How to chill from the cold @Home


Margaret Crane & Barbara Ballinger

Margaret (Meg) Crane lived most of her life in St. Louis, was associate editor of the Jewish Light in the early ’70s and from 2001-2012, was senior writer for Jewish Federation. Two years ago, she moved to New York City to be closer to family living there. Barbara Ballinger, originally from New York, lived in St. Louis for 23 years and worked at the St. Louis Post Dispatch. She now lives in upstate New York. Follow their blog here.

It’s been a cold, snowy winter, and it’s not yet over. Yes, we’re counting down until spring. But we are thankful we each have a roof over our heads, can put on our warm underwear, socks, sweaters, turn up the heat and think of things to do. When stuck inside in winter because of the cold, ice, and snow, we view it as an opportune time to chill and do what we normally don’t have time to do.

We know we can veg out or be really productive and try new things or perfect those we’ve been doing. This is our winter advice blog to you if you also live in a cold-weather location. Take the initiative and learn how terrific you may feel after tackling a new recipe, soaking for an hour in a hot tub, cleaning and dusting your bookshelves, working on that novel, writing thank you notes or just sitting on a sofa and staring at a fire in the fireplace with a cup of hot cocoa with marshmallows in hand.

Take advantage of this time to nest, rest, and warm up. We’ve got you covered with 20 ideas:

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Clean out closets and get rid of clothes you haven’t worn in at least three years

Or give your refrigerator a good purging and cleaning. Get rid of all the stale and outdated food hiding behind stuff in the freezer. Then, re-arrange what’s remaining–do clothes by season and color and get rid of all those shoes you never wear. Put any you will never wear in a pile to give to Goodwill or another worthy organization. Do the same with food, organize it so you can see what’s there and by category—condiments together, for example.

Binge read

Remember books? Some of us have been so  busy watching TV during the pandemic we’ve forgotten the joy of a book! Pick up some of the classics you read in school like Dickens, all six Jane Austin books, Faulkner, Shakespeare. Pull out the magazines you also haven’t had time to read from People to The New Yorker. You get the drill. Have any to give away? Many libraries are interested and have sales days to raise funds.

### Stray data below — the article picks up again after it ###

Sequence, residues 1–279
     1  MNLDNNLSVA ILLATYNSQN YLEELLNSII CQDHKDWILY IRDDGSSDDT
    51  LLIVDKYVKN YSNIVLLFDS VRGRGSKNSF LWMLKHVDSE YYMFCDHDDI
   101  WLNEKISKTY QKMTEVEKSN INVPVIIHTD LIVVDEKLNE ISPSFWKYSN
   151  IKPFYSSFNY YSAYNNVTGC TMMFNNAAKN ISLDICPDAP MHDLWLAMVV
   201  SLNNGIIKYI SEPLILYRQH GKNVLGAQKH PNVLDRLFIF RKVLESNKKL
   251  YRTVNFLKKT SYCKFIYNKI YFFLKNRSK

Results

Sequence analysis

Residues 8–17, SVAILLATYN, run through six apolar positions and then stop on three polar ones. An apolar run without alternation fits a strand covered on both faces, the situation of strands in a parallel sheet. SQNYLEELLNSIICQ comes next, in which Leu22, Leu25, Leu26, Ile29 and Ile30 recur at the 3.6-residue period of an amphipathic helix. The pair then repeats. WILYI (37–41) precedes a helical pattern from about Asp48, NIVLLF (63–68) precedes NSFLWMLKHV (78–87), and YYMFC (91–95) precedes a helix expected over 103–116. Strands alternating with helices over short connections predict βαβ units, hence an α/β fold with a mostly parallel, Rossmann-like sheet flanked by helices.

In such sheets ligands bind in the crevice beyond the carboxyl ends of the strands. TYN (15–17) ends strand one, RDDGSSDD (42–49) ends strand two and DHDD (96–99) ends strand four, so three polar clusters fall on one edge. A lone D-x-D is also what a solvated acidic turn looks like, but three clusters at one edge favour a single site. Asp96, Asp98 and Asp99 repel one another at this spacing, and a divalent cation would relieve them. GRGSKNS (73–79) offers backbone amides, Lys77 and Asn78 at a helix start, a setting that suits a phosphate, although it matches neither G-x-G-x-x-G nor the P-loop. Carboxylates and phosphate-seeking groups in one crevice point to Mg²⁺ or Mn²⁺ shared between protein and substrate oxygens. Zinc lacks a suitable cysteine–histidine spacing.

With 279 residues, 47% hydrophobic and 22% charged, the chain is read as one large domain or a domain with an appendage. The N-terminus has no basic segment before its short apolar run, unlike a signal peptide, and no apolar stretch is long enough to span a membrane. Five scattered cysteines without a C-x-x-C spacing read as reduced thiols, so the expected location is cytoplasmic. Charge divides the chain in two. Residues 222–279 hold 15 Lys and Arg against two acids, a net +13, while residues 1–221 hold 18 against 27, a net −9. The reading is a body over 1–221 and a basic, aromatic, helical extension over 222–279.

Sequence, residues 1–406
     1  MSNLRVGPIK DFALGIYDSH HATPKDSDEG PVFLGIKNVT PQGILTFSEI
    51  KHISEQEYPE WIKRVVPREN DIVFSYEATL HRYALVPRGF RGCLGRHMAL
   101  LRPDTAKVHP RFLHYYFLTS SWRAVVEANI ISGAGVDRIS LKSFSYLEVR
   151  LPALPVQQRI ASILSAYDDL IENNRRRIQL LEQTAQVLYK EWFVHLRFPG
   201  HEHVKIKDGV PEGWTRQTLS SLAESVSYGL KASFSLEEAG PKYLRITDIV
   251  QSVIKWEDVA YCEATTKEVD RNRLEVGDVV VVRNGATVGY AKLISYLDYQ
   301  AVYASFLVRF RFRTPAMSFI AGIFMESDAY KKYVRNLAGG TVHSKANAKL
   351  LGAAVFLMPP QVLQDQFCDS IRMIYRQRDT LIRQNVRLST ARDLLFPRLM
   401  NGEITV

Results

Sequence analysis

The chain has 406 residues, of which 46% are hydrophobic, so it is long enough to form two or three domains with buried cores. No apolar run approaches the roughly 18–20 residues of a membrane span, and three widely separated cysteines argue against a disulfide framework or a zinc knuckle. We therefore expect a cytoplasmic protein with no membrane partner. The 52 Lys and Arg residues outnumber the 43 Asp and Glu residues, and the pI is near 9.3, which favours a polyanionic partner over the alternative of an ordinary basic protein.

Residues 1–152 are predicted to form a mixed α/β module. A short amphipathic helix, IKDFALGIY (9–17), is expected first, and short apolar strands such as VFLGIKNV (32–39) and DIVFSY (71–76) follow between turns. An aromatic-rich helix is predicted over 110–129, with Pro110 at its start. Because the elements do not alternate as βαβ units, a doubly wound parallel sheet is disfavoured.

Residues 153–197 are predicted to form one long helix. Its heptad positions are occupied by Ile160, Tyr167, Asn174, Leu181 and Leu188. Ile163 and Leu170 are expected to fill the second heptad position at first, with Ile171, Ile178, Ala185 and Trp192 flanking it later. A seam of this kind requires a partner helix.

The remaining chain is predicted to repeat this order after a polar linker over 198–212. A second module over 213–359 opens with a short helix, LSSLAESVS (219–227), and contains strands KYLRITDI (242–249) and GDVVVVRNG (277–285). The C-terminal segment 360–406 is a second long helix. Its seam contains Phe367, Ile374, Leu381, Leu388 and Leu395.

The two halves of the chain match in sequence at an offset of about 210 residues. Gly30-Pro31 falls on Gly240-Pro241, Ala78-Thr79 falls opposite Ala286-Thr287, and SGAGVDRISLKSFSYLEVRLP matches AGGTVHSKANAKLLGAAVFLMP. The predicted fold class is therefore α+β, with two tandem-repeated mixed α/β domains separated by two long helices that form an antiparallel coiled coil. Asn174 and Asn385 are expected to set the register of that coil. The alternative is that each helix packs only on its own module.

Binge TV

If you haven’t been addicted like us, watch all the episodes of a TV series you never had time to watch like Breaking Bad, The Affair, Billions, This is Us, and Designated Survivor. Barbara is now watching Grey’s Anatomy, which is 18 series long. One daughter warned her, “Mom, you’ll be 100 by the time you finish.” Now, that’s a goal. Make a big pot of popcorn and dig in.

Teach yourself how to knit and pearl

Go to YouTube and find a tutorial. That doesn’t appeal. How about mahjong, bridge, chess, or do a jigsaw or crossword puzzle! Now there’s Wordle!

Learn new social media skills

There are so many—Instagram, Twitter, Facebook. There are lots of resources on the Internet that give you suggestions how to do this.

Try an instrument

Start by reading music if you didn’t know how or fine-tune an old musical skill. Sit at the piano, if you have one, and bang out a tune. Pull out your high school flute or drums and bang and beat. You won’t be judged and how lucky you are to have the time dredge up an old talent or learn a new one.

Drag out old board games like Clue, Monopoly and Sorry

If you’re alone, try solitaire or other card games or computer word games. Margaret’s become skilled at crossword puzzles—the harder the better to get the brain going.

Change a room around